I tried to learn a bit about embeddings of algebraic varieties into other algebraic varieties. Depending on the textbook/online notes I consider, there are the notions of closed immersion and open immersion. Some of them say that the right notion of an "embedding" is a closed immersion but some say that one should rather take open immersion or even just immersion by which they mean a map that can be factored into an open immersion and a closed immersion.

1) What is the correct notion of "embedding" for a morphism $f:X\to Y$ between (smooth) projective varieties?
2) Can you explain the difference between open and closed immersions in an example?

Furthermore, whenever I read about explicit examples (e.g. projection from a point, Veronese embedding, Segre embedding,...), it is only shown that the map is injective and not a single word is said about what happens on tangent spaces. So the condition that actually turns an injective morphism into an embedding is never checked.

3) Why is that so? Under which conditions is it clear that we constructed an embedding?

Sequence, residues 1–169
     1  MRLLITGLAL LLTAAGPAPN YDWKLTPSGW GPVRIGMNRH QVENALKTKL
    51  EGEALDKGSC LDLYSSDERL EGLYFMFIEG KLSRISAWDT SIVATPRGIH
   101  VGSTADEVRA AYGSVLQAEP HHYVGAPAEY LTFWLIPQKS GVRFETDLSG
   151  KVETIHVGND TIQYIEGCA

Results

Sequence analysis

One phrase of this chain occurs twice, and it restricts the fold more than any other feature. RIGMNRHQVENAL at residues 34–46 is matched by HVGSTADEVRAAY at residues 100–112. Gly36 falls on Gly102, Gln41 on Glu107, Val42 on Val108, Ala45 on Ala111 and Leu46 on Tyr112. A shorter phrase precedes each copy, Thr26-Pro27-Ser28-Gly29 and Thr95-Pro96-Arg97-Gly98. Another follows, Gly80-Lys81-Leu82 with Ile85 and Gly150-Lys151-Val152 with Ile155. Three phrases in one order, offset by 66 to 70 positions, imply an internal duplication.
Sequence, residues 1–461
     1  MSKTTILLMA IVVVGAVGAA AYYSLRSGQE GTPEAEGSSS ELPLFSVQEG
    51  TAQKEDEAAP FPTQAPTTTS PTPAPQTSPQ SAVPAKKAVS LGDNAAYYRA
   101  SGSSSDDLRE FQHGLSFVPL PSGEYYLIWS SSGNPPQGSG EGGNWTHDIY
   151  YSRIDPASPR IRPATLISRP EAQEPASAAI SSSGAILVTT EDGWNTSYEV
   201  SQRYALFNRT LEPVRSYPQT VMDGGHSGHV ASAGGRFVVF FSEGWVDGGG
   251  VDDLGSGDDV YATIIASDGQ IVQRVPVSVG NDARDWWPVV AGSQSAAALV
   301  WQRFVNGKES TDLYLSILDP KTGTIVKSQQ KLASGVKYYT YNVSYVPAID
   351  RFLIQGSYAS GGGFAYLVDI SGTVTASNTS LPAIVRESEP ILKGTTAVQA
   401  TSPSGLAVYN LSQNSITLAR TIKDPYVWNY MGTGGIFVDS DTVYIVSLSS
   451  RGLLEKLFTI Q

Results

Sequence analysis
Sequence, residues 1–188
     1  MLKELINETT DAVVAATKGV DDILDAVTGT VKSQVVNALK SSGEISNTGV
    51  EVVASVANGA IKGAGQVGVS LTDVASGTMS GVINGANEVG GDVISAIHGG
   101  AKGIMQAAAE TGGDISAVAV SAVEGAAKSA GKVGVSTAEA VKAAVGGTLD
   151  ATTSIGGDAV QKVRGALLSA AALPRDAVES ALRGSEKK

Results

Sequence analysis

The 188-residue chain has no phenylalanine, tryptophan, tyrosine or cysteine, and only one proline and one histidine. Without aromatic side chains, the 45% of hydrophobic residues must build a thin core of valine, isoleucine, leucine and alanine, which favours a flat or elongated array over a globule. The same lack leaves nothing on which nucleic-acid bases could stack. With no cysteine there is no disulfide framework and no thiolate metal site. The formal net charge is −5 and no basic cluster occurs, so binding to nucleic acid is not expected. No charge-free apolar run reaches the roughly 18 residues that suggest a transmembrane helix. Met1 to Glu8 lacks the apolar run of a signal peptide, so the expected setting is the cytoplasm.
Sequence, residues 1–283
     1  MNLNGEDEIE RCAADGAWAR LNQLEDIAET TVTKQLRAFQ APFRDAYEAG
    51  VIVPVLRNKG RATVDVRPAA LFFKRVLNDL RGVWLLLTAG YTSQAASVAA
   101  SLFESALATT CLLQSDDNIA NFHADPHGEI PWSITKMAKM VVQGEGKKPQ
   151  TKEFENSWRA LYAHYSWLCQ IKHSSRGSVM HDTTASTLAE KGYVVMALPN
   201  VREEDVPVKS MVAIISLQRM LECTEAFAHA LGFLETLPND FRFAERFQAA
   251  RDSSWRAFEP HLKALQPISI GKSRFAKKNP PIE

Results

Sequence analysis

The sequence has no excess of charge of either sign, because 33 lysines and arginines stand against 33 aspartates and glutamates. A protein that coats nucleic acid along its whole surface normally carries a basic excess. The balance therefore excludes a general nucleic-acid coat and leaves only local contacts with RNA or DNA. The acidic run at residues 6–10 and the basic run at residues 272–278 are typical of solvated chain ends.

1 Answer 1


1) Correct, I don't know; the most general useful notion is probably the last one, where you can factor it into an open immersion followed by a closed one. This, for example, "immerses" the affine line $\mathbb A^1$ into the projective plane $\mathbb P^2$ via $x\mapsto (x:1)\in \mathbb P^1$ followed by $(x,y)\mapsto (x:y:0)\in \mathbb P^2$.

2) A closed immersion is like, for example, a line in the affine plane: It embeds the variety as a closed subvariety. The affine line into the projective line in 1) above is an example of an open immersion.

3) Injectivity is not sufficient to guarantee a closed immersion; see, for example, the map from the affine line to the cuspidal cubic $(t^2,t^3)$ in $\mathbb A^2$. The key thing is that pullback gives a surjective map of structure sheaves (coordinate rings in the affine case). It happens in the examples you give that this surjectivity holds.


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